Stuart Bailie (53) is a broadcaster, DJ and founder member of Belfast's Oh Yeah Centre. He says:
Purple Rain is my favourite Prince song - it is rapturous. Prince often sang about lust and the baser side of human nature, but when he took it to church there was nothing like it. That's one of the holiest songs I've ever heard in pop music. A friend of mine even walked down the aisle to that song at his wedding and I thought that was the most incredible idea.
I saw Prince live in London which was incredible, but in the late 1980s when he was at his peak I worked at Warner Bros - his record label. It was just mayhem because you never knew what he was up to next. It was around the time he made the Black Album which he never released and actually ended up apologising for it.
He was the golden goose of the record label along with Madonna. He was so mercurial - always two or three steps ahead of everyone else. I never did meet him, but it was always amazing to be in his wake."
Harry Hamilton (49) is part of Queen tribute act Flash Harry and lives in Lurgan with his wife Heather and their daughters, Brooke (18), Lucy (17) and Tianna (13). He says:
I'm certainly of the generation that loved Prince and I saw him in concert in 1983. It was at the RDS showgrounds in Dublin and it was just a brilliant performance. I had just recently taken to the stage so I was mesmerised - he had so much energy. He was a wonderful entertainer.
I love the song 1999. When it first came out in 1982 the millennium was so far away it felt like it would never happen.
He wasn't just a good musician technically, he always tried to be innovative. Some of his albums may not have made it into the top 20, but that's because he was pushing the boundaries.
He was an all-round performer who was very demanding, even of himself.
That's what made him so significant."
Leesa Harker (36) is a playwright and lives in Belfast with her two daughters, Lola (8) and Lexi (5). She says:
while I wouldn't have been a Prince fanatic, I always did like him. My favourite song is Cream. I had great respect for him for what he did for animal welfare which people might not be aware of. He never wore leather or fur and was a strict vegan.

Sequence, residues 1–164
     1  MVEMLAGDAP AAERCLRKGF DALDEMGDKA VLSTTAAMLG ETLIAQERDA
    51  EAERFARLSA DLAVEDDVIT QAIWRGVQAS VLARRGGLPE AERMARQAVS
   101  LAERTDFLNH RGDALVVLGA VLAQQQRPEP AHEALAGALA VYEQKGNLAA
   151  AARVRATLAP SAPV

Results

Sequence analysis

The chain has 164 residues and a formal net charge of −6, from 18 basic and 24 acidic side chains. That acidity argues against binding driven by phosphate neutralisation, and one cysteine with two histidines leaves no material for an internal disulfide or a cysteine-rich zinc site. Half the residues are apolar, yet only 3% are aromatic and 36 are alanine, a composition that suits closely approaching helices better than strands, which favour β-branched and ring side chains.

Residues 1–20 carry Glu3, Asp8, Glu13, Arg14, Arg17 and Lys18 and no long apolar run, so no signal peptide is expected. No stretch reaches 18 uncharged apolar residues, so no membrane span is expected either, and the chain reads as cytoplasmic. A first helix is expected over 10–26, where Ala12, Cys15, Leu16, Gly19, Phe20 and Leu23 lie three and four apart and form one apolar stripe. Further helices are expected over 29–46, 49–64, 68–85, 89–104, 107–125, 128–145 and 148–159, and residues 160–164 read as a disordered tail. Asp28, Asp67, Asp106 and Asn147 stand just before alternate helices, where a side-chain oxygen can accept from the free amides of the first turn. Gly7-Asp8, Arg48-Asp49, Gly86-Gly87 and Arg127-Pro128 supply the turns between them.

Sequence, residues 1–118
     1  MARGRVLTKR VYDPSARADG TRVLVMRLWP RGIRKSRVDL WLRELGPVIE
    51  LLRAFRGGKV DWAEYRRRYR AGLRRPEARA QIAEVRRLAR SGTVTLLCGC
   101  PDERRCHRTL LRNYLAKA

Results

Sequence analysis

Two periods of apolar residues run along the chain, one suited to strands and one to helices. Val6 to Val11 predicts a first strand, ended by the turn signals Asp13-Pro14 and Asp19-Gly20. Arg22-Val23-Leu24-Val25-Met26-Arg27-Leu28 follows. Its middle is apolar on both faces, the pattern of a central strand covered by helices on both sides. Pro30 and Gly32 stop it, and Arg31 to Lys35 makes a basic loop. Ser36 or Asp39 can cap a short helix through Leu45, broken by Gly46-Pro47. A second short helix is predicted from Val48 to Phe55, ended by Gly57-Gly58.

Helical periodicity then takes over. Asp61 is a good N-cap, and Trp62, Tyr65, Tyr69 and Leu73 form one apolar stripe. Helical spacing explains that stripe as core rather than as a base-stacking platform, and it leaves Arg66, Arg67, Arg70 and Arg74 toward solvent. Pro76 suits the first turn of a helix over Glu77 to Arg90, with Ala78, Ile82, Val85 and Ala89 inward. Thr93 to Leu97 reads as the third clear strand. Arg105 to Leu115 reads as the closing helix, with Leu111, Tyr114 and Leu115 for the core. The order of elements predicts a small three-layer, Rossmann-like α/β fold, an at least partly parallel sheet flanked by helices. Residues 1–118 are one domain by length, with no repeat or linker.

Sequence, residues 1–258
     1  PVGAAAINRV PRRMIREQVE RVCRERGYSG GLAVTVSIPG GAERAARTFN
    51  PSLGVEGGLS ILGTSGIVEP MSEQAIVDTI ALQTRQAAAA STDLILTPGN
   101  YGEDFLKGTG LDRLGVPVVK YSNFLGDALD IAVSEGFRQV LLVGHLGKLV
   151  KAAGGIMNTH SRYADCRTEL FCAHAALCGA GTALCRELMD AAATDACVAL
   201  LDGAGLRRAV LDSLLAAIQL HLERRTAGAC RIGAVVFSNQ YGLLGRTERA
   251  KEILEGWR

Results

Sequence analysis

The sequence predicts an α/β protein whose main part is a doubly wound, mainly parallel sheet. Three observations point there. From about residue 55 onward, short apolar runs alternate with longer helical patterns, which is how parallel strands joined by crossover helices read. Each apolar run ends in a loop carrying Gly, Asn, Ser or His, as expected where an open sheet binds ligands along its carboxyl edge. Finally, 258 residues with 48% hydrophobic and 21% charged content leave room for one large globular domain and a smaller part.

I certainly appreciate the genius that was Prince - there are so many musicians who have Prince as one of their major influences. A lot of big stars have always looked up to him. I'm a big Lenny Kravitz fan and you can hear Prince's influence in his music.
I still can't believe Prince had his first record deal back in 1978 and that he had been around for such a long time."
Paula McIntyre (49) is a food writer and broadcaster and lives in Portstewart. She says:
I'm a big Prince fan. I always loved him and my favourite song is Raspberry Beret. It's a real earworm, so if you hear it once you'll be singing it for the rest of the day. I've been hearing it a lot since the sad news that Prince died.
For me Prince reminds me of my days at university in the United States. In the late '80s, I was in Providence, Rhode Island and Prince's music was a big part of that soundtrack. I always remember being in the dorm room dancing to one of his tracks with big hair and shoulder pads while drinking a white wine cooler."
Stephen Clements (43) presents the breakfast show on Citybeat and lives in Carrickfergus with his wife Natasha and their children, Poppy (5) and Robbie (18 months). He says:
Gold by Prince is one I love. It's an anthemic song and the lyrics to it are so powerful. We played it the morning after the news broke about Prince's death and we got a lot of texts and messages from people saying they were crying because they were so moved by the song.
I was a huge Prince fan in the 1980s and 1990s.
He was one of those artists that when he brought a record out you just bought it - you didn't need to hear it first or have a think about it as you know it was going to be good.
Prince was one of the holy trinity of megastars along with Madonna and Michael Jackson.
Sadly I never did get to see him live.
I think it was his innovation that made him so popular. If you listen to his music now it hasn't dated because it was so out there at the time it was recorded.
He also never spoke down to his fans and I think people appreciated that.
He did everything himself. On some albums you would have an army of musicians and producers, but on a Prince album there was one singer, one songwriter, one guitarist and that person was Prince."
One of the reasons celebrities are dying in seemingly unprecedented numbers is that there's more of them now than ever before. Also, the grief and lamentation which arise reflect the fact that we are, or can imagine we are, closer to our celebrities than ever was possible in the past.